In our previous blog post, we highlighted how trends such as omni-channel have influenced the activities of customer care executives around the globe in 2015.

In this post, we’ll take a look at how customer service organizations were influenced in 2015 by three additional trends.

1. Journey Management

“Journey management” was yet another overused and poorly understood term in 2015. In our benchmark study on journey management, we provided our perspective on what it means and how it impacts CEM executives.

Omni-channel programs focus on ensuring the consistency and personalization of customer conversations across channels. However, these conversations take place at different phases of the customer lifecycle and thus can involve everything from raising brand awareness to active selling to building customer loyalty. Conversations at each phase of the customer journey must be appropriate to the phase while also delivering consistent and personalized messages.

Journey management means coordinating messaging across channels AND across the customer lifecycle. Many businesses spent the better part of 2015 learning about this approach and how it can benefit the organization. Indeed, we’ve seen a considerable number of organizations begin mapping the unique journeys of their different customer segments. The next natural step that should take place in 2016 is using analytics to optimize interactions along that journey and proactively manage them.

2. Workforce Optimization

Ensuring agent productivity and performance has for years now been a key objective of many contact center executives. We decided to include workforce optimization (WFO) as a key trend in 2015 as companies have changed the focus of their WFO programs.

Historically, most contact centers have made operational improvements such as reducing average handle times and better forecasting of agent demand the goal of their WFO efforts. Over the past two years, and especially in 2015, companies have focused more on utilizing analytics tools to predict customer traffic across multiple channels and to become more agile in scheduling agents.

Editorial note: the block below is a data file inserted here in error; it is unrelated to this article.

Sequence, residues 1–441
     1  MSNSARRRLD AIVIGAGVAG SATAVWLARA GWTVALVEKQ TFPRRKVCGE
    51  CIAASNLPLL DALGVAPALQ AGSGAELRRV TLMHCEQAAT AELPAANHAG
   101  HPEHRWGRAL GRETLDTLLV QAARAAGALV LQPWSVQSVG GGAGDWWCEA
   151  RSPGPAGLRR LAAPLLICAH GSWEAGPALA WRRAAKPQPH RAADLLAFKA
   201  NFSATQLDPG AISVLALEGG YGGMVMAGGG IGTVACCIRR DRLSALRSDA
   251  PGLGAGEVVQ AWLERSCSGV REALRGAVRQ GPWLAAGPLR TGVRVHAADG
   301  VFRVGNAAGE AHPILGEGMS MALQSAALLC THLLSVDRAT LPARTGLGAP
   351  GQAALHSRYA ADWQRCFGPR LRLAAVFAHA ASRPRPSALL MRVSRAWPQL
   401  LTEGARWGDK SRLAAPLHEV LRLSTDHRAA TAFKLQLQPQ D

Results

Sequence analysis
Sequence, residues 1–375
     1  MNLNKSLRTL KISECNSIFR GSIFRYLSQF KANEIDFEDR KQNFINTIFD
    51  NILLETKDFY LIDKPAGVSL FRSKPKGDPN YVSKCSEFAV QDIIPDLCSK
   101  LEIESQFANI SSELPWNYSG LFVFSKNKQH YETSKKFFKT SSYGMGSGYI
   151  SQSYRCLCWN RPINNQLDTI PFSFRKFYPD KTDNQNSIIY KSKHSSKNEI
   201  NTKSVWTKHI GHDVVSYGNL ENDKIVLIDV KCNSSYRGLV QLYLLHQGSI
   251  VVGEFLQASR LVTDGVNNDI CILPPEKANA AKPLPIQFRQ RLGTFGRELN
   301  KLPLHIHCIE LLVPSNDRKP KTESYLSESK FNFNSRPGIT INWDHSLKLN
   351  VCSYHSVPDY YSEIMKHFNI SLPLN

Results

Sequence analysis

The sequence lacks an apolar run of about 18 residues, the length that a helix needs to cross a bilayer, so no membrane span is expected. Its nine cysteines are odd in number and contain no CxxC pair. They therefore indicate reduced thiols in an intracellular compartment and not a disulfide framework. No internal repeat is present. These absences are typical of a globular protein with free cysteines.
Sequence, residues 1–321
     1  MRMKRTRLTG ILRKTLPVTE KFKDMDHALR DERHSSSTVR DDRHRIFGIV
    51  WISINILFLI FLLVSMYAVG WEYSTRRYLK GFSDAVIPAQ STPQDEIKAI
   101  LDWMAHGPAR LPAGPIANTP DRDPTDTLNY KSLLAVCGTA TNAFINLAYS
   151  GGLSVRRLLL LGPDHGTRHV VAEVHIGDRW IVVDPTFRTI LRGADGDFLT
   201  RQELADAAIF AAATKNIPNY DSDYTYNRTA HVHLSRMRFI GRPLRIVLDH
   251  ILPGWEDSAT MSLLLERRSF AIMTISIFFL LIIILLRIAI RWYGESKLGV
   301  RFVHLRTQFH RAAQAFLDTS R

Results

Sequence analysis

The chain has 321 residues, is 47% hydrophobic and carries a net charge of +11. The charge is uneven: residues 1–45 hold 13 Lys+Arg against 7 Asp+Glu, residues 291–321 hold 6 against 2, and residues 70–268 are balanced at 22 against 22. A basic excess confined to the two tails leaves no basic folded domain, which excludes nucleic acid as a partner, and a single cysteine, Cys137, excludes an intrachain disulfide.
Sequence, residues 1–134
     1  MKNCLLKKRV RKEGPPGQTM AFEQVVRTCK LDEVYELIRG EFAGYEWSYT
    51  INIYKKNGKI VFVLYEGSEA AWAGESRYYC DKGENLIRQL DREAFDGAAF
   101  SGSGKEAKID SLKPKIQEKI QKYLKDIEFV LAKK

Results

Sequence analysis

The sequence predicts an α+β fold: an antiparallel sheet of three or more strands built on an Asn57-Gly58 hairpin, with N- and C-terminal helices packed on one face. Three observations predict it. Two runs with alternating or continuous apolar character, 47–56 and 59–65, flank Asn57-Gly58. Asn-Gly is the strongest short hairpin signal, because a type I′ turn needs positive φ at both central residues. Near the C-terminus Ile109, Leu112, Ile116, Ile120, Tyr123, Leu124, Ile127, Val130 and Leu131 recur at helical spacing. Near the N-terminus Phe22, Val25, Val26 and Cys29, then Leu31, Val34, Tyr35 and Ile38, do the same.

We’ve also seen the primary emphasis of WFO programs change from agent productivity and performance gains to improving the customer experience. Considering the ongoing rise of the empowered customer, we can only expect this trend to continue and as a result see more contact centers build a single view of customer data through tools such as the unified agent desktop. These efforts will naturally be augmented by solutions enabling predictive analytics, desktop analytics, speech analytics, and real-time analytics.

3. Knowledge Management

As noted above, companies have shifted the focus of their WFO programs from driving operational efficiency to improving the customer experience.

However, this doesn’t mean that operational efficiency can be ignored. In fact, improving agent productivity and performance remains the second top objective of WFO programs today.

To this end, it’s critical that contact centers focus on providing agents with easy and timely access to content they need to their jobs – specifically, serve customers. Considering that a contact center agent today needs to use three different screens to find and access the right knowledge base article, there is no question that companies need to work on improving their knowledge management systems. Indeed, we see more customer care executives identifying knowledge management as a key area of focus in both 2015 and 2016. Read our related research to see how leading contact centers build and nurture a top-notch knowledge management strategy.

In the end, 2015 has been a very active year for customer care executives. We’ve seen the conversation around omni-channel evolve from a focus on its benefits to a focus on effective implementation. We’ve also seen companies invest in additional best practices such as journey and workforce management. If you’re curious about what we predict as key trends to influence customer care programs in 2016, stay tuned for our next post!

Image Source (Creative Commons): reynermedia.

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